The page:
Feline lower urinary tract disease (FLUTD) was formerly called 'feline urologic syndrome' or FUS, and is now more commonly called 'feline idiopathic cystitis' or 'FIC'. 'Cystitis' is the term commonly used to describe bladder inflammation. 'Idiopathic' means the cause is unknown. Idiopathic cystitis in cats is similar to interstitial cystitis in humans. FLUTD affects the cat's urinary bladder and sometimes the urethra (the tube-like structure that leads from the bladder to the outside of the body).
What are the symptoms of idiopathic cystitis or feline lower urinary tract disease?
Idiopathic cystitis in cats is a serious disease. Signs of idiopathic cystitis include:
- Prolonged squatting or straining in or out of the litter box and not producing urine or only a small amount (some owners may confuse this with signs of constipation)
- Frequent urination or straining
- Pain while urinating (meowing or howling)
- Urinating outside of the litter box
- Blood in the urine
- Frequent licking of the genital area
Many times these symptoms resolve on their own within a week, but they often recur.
Most cats with idiopathic cystitis are less than 10 years of age. In cats who are older than 10 years, the above signs are usually associated with other conditions including kidney disease, urinary tract infections, or bladder stones.
What causes the symptoms of idiopathic cystitis?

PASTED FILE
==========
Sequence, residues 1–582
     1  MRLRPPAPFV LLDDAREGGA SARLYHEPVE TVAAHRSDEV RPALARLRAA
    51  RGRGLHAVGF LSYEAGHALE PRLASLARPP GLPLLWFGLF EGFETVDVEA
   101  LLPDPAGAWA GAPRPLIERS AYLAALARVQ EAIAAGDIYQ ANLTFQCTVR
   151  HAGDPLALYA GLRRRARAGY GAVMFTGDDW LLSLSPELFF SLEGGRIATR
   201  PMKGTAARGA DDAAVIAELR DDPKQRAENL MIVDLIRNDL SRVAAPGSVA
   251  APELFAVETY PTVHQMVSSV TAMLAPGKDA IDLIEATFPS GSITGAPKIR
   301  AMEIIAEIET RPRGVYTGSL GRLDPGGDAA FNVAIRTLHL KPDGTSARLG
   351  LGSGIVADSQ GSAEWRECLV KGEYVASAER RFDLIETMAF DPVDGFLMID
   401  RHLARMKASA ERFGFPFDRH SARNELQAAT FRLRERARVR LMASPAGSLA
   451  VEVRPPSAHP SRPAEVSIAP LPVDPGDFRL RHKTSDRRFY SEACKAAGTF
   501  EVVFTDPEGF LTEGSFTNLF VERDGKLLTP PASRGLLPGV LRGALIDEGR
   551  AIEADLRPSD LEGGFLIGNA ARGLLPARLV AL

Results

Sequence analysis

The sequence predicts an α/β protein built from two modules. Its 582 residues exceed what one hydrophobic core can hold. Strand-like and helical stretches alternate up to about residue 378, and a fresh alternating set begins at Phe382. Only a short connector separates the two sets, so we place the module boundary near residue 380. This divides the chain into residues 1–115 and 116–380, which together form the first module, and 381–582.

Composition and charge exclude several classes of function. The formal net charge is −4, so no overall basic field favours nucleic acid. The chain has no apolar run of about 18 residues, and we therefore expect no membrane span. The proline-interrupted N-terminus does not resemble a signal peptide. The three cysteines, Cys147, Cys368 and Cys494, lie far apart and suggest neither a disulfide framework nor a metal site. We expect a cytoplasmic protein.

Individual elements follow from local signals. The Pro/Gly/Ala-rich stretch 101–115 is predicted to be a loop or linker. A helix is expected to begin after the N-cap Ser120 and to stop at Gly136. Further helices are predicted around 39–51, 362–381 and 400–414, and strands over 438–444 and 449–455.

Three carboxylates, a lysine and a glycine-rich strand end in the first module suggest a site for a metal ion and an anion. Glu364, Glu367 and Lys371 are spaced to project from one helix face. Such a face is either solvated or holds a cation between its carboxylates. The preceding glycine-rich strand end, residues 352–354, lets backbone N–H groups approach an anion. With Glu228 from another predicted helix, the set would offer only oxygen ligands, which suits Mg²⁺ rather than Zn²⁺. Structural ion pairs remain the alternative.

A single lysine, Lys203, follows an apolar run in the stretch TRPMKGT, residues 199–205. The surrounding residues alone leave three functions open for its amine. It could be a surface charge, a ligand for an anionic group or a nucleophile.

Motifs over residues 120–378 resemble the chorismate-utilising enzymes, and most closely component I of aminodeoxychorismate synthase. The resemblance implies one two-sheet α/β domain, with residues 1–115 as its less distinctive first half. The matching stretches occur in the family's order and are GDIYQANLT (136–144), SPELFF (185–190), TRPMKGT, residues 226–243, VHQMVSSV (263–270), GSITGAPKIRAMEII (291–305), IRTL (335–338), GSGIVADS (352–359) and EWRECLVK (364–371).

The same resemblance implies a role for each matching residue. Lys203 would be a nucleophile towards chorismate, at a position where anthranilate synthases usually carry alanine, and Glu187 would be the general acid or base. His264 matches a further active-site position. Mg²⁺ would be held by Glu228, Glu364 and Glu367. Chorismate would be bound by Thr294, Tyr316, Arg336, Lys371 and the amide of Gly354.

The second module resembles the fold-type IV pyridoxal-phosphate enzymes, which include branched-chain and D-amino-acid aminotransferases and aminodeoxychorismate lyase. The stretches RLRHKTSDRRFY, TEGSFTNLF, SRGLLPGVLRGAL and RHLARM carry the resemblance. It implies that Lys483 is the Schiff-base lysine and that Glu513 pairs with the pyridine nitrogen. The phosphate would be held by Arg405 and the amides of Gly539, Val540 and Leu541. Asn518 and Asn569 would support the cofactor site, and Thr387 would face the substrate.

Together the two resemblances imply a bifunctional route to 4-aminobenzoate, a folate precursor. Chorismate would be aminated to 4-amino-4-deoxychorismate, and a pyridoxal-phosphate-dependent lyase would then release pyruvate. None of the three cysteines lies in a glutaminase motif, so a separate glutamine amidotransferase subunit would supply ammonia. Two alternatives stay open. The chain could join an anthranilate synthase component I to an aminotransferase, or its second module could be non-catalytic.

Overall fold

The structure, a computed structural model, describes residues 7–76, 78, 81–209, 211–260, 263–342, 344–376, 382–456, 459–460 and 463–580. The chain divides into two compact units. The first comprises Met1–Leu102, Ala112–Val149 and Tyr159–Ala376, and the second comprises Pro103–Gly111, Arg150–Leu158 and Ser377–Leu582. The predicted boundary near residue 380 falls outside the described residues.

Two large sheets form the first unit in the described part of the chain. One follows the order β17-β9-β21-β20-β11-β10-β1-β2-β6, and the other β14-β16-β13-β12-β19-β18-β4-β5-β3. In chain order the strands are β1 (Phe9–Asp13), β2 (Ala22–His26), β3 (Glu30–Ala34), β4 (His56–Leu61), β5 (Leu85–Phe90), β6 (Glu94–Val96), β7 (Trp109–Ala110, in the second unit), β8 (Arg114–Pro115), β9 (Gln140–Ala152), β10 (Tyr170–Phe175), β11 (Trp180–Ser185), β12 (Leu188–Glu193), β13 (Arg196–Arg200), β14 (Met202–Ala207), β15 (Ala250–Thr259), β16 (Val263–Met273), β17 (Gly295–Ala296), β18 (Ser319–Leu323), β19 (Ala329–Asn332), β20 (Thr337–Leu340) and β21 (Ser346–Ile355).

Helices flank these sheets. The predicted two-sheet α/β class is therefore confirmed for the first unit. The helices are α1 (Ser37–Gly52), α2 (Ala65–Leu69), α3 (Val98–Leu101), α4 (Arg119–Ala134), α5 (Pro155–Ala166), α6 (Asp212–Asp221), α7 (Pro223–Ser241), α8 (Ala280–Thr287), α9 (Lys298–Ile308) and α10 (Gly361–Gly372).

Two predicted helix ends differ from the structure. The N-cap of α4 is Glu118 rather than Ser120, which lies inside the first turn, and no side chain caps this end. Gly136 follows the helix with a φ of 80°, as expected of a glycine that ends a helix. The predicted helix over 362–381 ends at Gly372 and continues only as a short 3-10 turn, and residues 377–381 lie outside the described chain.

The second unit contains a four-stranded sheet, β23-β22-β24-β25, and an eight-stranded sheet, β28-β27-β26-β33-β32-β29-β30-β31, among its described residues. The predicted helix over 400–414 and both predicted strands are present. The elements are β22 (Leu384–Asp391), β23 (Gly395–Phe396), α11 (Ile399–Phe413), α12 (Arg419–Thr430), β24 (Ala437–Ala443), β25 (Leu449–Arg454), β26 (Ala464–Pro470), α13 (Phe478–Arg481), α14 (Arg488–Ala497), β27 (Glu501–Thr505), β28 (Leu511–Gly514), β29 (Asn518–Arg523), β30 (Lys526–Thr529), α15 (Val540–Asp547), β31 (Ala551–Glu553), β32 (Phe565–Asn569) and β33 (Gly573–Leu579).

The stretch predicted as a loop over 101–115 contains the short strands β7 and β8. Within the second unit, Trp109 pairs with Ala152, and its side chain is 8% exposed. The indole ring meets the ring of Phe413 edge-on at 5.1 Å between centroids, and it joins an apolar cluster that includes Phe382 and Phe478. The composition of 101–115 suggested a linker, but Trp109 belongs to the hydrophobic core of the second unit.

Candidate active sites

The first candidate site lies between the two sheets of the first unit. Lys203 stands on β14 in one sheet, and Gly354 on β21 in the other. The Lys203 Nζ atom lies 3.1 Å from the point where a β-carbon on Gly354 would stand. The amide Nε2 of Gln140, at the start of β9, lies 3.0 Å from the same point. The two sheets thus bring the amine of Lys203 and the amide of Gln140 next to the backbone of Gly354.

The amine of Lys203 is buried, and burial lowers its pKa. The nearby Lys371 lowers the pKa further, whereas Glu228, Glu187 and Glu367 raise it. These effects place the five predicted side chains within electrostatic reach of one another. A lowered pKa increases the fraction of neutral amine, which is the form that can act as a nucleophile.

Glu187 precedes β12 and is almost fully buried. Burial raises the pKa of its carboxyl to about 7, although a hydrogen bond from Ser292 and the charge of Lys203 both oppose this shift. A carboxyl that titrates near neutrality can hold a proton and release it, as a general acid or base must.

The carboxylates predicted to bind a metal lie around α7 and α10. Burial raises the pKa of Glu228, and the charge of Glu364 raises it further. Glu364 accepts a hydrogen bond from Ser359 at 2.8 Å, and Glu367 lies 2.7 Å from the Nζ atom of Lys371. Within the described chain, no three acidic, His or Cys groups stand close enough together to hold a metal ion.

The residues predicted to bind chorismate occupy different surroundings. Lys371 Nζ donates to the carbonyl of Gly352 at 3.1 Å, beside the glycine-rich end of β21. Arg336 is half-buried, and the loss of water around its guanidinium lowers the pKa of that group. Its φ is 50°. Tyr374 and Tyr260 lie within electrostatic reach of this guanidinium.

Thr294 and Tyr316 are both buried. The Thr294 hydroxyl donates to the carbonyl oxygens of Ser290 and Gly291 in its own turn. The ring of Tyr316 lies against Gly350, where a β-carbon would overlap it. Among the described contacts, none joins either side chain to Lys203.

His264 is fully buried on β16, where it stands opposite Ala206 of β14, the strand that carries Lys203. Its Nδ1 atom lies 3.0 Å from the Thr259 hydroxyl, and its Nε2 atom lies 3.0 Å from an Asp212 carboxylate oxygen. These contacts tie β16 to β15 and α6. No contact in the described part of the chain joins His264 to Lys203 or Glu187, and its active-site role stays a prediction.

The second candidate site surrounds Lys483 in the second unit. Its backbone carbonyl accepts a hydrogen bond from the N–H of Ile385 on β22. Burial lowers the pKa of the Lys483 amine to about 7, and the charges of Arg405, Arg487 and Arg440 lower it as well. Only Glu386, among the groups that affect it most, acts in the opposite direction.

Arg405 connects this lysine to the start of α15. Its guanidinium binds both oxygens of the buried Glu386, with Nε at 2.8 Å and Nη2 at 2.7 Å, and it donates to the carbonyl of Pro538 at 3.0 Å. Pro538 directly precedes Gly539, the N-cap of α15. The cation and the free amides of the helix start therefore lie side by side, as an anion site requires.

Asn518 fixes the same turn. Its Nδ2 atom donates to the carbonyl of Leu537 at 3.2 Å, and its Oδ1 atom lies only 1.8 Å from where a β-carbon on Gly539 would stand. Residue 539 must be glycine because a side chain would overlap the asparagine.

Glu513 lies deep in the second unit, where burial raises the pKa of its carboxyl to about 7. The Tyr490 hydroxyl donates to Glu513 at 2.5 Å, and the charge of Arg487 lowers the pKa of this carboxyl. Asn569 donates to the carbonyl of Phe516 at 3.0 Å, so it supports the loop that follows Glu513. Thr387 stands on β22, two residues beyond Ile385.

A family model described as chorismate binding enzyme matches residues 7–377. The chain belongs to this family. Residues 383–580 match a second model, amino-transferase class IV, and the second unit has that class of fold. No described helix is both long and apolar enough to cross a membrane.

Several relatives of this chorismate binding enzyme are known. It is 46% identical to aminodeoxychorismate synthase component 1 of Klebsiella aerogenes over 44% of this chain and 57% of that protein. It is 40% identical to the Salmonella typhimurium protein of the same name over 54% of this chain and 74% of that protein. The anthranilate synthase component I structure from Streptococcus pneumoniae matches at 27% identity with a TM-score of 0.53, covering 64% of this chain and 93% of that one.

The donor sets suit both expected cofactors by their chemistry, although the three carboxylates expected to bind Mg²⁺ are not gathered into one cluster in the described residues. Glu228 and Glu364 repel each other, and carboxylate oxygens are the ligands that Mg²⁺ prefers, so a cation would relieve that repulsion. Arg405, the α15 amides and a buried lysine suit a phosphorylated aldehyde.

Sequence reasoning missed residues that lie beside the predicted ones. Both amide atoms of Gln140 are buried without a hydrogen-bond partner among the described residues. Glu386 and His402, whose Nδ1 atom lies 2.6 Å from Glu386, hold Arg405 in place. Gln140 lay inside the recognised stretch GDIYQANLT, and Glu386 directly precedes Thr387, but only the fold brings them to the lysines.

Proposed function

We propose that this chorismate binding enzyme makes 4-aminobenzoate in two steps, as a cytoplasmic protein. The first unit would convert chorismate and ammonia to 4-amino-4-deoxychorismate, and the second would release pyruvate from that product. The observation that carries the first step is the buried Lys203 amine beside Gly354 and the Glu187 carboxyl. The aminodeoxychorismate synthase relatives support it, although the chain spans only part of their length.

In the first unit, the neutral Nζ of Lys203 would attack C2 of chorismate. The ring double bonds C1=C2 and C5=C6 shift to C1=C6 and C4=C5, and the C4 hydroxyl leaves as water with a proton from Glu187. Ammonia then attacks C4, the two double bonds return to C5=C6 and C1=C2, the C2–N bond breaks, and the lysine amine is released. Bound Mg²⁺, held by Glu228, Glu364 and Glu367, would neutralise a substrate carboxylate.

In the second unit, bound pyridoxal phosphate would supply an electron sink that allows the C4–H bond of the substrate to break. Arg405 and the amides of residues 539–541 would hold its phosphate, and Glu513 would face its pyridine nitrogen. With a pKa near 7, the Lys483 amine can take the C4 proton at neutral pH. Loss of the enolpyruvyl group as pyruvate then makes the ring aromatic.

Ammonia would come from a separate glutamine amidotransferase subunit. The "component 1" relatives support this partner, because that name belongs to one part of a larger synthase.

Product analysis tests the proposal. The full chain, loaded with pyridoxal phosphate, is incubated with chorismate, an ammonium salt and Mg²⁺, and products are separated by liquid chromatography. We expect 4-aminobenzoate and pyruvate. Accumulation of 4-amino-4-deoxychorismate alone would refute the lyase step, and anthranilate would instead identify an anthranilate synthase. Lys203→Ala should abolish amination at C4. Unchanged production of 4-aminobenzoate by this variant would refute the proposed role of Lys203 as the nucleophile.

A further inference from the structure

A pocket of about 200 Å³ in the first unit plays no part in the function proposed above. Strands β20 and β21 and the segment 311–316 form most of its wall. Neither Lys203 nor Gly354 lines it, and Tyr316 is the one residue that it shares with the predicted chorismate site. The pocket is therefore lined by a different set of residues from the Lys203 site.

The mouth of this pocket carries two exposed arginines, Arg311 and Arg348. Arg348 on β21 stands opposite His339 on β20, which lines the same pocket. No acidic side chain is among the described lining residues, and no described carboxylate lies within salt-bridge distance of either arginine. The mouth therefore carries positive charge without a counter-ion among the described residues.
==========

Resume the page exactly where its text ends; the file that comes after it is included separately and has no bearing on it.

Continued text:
Normally the lining of the bladder protects the underlying bladder tissues from the urine. In idiopathic cystitis in cats, it is thought that the inside of the bladder changes and becomes more porous and a protective lining of the bladder is lost or decreased. The bladder becomes thicker, cells associated with inflammation accumulate and pinpoint hemorrhages can occur. The bladder becomes painful.
It is thought that stress may play a major role in the development of idiopathic cystitis. Stressors may include changes in the number of family members (both human and animal); changes in the litter box location, litter type, or cleanliness; changes in diet; and changes in the routine (e.g., no longer goes outside, owner no longer plays with cat).
How is idiopathic cystitis or FLUTD diagnosed?
|A male cat with a blocked urethra is an emergency, as this is a fatal condition if not treated rapidly. |
Idiopathic cystitis is cats is diagnosed by eliminating other diseases as causes of the symptoms, such as kidney disease, urinary tract infections, cancer, trauma to the bladder, bladder stones, or blockage of the urethra. Some cats can develop very small microscopic crystals in their urine. In the male cat, these crystals can block his urethra preventing him from urinating even though the bladder still fills. You may have heard of a male cat with this condition called a 'blocked tom.' A male cat with a blocked urethra is considered an emergency, as this is a fatal condition if not treated rapidly.
A veterinarian will perform a physical exam on the cat. The veterinarian may find the bladder either small and thickened or very large and distended. The veterinarian will press on the bladder (called 'expressing' the bladder) to see if the cat is able to urinate or if the urethra is blocked. The veterinarian may also be able to feel bladder stones.